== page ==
I found a refurbished HP Windows Mixed Reality headset for $160. It’s the cheapest way to do virtual reality. It does 95% of what the fancy/expensive HTC Vive does. They keep the cost down by using cameras on the headset to sense the controller position instead of external sensors. We cleared out a bunch of space in the living room and I temporarily moved my computer into there. The more space you can clear, the better. But being tethered to the computer with a cable is a pain. You almost need to play barefoot so that you can feel the cable with your feet avoid getting tangled.
I got to play Job Simulator in VR the other night at the mall. It was a blast! They had an HTC Vive set up. In the game, I was working in a small kitchen at a restaurant fulfilling orders. You can move around the small room and the motion is all realistic. I put my head into the freezer and started eating the food in there. I picked up some food and moved it to my mouth and started eating it. I moved things around with my hands to cook whatever was ordered. On the last order, I’d done something wrong and was about to run out of time so I just started playing around and throwing things on the stove, causing a fire. The display was a little more pixelated than I was expecting. And afterward, I was using my phone and had this weird feeling like I was still playing the game.
Why do games that seem to be kid-friendly suddenly ramp up the difficulty to an insane level? Super Mario Galaxy, Rayman Origins, and Ori all have this friendly cartoony look to start…by the end of the game, you’re lucky if you’re getting through the game just by luck, trying the same level over and over again.
Well, anyway, as we just finished Rayman Origins, here’s the best song in the game. Catchy
Some Black Flag Sea Shanty mp3s from Ubisoft
Leave Her, Johnny
The Rio Grande
Fish in the Sea
Paddy Doyle’s Boots
The Worst Old Ship
‘Way Me Susiana
Where Am I To Go M’Johnnies
Hauley Hauley Ho
Running Down to Cuba
The Coasts of High Barbary
Bully In The Alley
The Dead Horse
So Early in The Morning
I’ve been trying a game on my phone called Ingress. It’s a GPS game where you gain points or energy by walking around. It doesn’t work at driving speeds…you have to walk. (It was initially developed by Google to get people to photograph monuments and public things they were looking for images of.) There are 2 teams. At some monuments or public areas there are “portals” that can be captured by either side. To capture a strongly held portal, you’d either need to walk around a lot to get energy or bring a lot of people from your team.
I joined the Enlightenment because it seems to be the losing side and I wanted a challenge. 🙂 Everybody picks the Resistance.
Sean had a nightmare last night where he couldn’t jump in videogames.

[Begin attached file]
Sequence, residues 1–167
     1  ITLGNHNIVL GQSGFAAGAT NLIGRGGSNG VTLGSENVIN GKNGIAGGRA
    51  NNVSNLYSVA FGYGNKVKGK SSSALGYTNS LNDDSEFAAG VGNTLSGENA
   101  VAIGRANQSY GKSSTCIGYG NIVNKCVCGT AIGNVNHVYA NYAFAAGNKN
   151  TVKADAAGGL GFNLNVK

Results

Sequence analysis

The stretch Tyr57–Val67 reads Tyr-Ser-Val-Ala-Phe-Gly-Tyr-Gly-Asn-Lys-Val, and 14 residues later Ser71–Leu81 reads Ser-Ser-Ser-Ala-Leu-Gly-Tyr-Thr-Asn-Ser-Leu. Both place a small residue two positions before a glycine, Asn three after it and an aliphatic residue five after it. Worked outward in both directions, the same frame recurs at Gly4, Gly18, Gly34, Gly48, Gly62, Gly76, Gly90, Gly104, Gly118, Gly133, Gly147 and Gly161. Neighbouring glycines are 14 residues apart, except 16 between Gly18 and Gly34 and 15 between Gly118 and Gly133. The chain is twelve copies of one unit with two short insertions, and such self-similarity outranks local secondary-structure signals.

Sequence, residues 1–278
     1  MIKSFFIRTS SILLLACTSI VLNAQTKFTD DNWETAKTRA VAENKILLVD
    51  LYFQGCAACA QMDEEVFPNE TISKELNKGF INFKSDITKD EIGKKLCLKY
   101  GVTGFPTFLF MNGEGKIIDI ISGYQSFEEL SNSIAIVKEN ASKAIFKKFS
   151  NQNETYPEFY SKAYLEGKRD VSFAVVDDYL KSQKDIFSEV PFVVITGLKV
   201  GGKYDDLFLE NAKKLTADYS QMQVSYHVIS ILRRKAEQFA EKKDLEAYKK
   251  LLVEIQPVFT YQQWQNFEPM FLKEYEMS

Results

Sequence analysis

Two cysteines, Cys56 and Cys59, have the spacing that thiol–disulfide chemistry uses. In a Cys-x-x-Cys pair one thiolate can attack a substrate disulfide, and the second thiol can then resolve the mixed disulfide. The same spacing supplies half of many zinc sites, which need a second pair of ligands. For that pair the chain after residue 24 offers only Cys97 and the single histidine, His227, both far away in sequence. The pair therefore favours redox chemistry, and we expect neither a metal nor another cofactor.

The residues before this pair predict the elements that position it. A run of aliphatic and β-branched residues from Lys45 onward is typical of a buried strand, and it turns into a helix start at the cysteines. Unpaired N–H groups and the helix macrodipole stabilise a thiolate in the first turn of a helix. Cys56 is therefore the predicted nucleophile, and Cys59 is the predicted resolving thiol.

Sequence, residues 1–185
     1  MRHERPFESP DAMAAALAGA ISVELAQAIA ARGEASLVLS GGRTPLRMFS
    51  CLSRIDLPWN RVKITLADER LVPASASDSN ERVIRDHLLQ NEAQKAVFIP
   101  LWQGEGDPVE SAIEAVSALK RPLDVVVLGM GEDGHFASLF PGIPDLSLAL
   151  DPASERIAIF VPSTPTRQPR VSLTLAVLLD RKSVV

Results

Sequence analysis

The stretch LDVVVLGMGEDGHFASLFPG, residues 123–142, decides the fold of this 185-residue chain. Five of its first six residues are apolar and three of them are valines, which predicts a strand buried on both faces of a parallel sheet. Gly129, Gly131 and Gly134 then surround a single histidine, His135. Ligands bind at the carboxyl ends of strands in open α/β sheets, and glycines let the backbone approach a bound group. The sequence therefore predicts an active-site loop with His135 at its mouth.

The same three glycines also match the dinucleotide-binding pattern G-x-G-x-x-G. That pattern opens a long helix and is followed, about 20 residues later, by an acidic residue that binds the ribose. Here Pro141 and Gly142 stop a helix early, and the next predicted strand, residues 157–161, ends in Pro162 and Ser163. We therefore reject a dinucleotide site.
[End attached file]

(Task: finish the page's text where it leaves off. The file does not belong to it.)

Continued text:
Here’s my review of Eyepets and Friends…a game we recently found on sale for about $5. You might think from the name that this game is about virtual pets or something. Surprisingly, this game is actually all about helping the game find the floor. You start up the game and place your PlayStation Move controller on the floor to help the system figure out where the floor is. We played the game last night and were unsuccessful in getting past this “level”. I’m guessing that the game is best played 3 inches from the sun so that it has enough light to actually get past the calibration phase.
Seems logical. You can pre-order them now if it’s that important to you.
For winter exercise, we got Everybody Dance. It’s a Playstation game where you hold light bulb controllers and mimic dance moves on a camera. It has the embarrassing option to record your dancing and upload it so that others can see it. (From what I hear, Just Dance 3 is a better alternative for kids, without risque videos and songs.) Anyway, it accomplishes the goal of getting some exercise nicely. It teaches you more than Dance Dance Revolution did, since you’re not just stomping in a square pattern…not to say that I actually look like I’m dancing. Here‘s a video of Mia and Sean.
We happened to be near an R/C hobby shop yesterday so we went in. They had a PC with RealFlight R/C flight simulator set up. It was really neat to be able to fly an R/C plane, crash it, reset, and try again. It had a real R/C controller. I assume it can simulate harsh New Mexico desert winds. Unfortunately, the price is $100 for the most basic version. I think you can get a cheap battery-powered plane for that much. As long as you don’t crash it, it’s more cost effective. I wonder if those trick R/C helicopter pilots practice with this software.